Nominada por los estadounidenses como una de las 100 mejores novelas en la serie de PBS The Great American ReadMujercitas, el clásico de Louisa May Alcott ambientado en la guerra de Secesión, fue publicado en Estados Unidos en 1868. Han pasado casi ciento cincuenta años desde entonces, pero la complicidad de las cuatro hermanas March, quienes a través de sus gestos y palabras resumen el espíritu c...
Series: Penguin Clasicos / Penguin Classics (Book 27001)
Paperback: 784 pages
Publisher: Penguin Clásicos (January 26, 2016)
Product Dimensions: 5 x 1.6 x 7.5 inches
Amazon Rank: 150167
Format: PDF ePub Text djvu ebook
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This is a gift for a friend in Guatemala. I know she will be thrilled with it!...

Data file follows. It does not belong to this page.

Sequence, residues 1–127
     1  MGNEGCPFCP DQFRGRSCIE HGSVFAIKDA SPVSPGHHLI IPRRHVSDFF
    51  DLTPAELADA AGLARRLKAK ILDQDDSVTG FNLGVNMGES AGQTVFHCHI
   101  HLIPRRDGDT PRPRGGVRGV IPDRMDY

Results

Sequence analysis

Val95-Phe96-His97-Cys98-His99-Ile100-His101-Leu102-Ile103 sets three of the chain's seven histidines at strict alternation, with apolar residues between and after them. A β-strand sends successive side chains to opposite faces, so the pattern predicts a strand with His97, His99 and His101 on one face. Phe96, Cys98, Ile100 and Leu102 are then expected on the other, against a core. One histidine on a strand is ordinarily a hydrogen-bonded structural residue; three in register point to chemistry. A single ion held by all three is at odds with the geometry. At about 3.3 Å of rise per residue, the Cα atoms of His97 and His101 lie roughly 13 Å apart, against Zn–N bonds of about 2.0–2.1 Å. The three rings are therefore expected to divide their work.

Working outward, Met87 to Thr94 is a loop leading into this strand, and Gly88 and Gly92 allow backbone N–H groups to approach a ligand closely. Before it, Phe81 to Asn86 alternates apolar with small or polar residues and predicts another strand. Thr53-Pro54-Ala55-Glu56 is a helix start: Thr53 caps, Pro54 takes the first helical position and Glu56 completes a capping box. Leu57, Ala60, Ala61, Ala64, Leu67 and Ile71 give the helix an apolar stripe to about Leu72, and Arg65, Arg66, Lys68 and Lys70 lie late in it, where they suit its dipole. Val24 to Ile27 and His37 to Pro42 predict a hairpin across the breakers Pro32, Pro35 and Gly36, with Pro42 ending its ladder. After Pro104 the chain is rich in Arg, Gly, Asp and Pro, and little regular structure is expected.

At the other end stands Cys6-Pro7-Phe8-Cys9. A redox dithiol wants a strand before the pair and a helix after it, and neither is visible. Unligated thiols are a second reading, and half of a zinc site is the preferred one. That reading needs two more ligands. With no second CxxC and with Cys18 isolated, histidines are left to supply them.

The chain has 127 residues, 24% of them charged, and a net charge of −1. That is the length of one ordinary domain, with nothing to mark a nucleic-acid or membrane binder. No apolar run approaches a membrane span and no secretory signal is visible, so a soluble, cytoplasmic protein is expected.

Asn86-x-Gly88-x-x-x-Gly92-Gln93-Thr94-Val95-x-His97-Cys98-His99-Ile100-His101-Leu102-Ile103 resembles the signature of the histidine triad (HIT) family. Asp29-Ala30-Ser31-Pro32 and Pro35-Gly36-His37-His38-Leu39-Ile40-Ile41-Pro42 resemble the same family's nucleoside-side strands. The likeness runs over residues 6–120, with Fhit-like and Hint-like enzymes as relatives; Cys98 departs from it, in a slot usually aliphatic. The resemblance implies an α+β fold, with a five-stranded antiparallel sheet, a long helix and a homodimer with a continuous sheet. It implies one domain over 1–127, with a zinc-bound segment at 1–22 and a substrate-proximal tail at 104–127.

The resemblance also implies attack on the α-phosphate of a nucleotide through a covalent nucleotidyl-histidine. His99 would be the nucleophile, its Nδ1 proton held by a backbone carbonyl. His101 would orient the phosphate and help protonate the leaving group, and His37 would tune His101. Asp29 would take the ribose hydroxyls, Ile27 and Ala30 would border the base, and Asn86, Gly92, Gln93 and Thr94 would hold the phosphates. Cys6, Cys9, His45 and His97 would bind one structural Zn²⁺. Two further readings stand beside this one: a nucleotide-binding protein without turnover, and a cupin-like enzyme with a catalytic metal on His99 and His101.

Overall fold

na época, sigue siendo fuente de inspiración y disfrute para las generaciones de lectores que se asoman a las páginas de esta fascinante obra.Elaine Showalter, catedrática de la Universidad de Princeton, está considerada una de las voces más representativas de la crítica literaria feminista. En su brillante introducción analiza en detalle las influencias de la autora, así como el impacto de Mujercitas en la obra de escritoras de la talla de Simone de Beauvoir, Joyce Carol Oates o Cinthya Ozick.«Si fuese un chico, me escaparía contigo y lo pasaríamos en grande, pero soy una pobre chica y he de comportarme con propiedad y volver a casa.»ENGLISH DESCRIPTIONLittle Women is a novel by American author Louisa May Alcott (1832–1888), which was originally published in two volumes in 1868 and 1869. Alcott wrote the books rapidly over several months at the request of her publisher. The novel follows the lives of four sisters—Meg, Jo, Beth, and Amy March—detailing their passage from childhood to womanhood, and is loosely based on the author and her three sisters. Little Women was an immediate commercial and critical success, and readers demanded to know more about the characters. Alcott quickly completed a second volume, entitled Good Wives. It was also successful. The two volumes were issued in 1880 in a single work entitled Little Women. Alcott also wrote two sequels to her popular work, both of which also featured the March sisters: Little Men (1871) and Jo's Boys (1886). Although Little Women was a novel for girls, it differed notably from the current writings for children, especially girls. The novel addressed three major themes: "domesticity, work, and true love, all of them interdependent and each necessary to the achievement of its heroine's individual identity." Little Women "has been read as a romance or as a quest, or both. It has been read as a family drama that validates virtue over wealth", but also "as a means of escaping that life by women who knew its gender constraints only too well". According to Sarah Elbert, Alcott created a new form of literature, one that took elements from Romantic children's fiction and combined it with others from sentimental novels, resulting in a totally new format. Elbert argued that within Little Women can be found the first vision of the "All-American girl" and that her multiple aspects are embodied in the differing March sisters.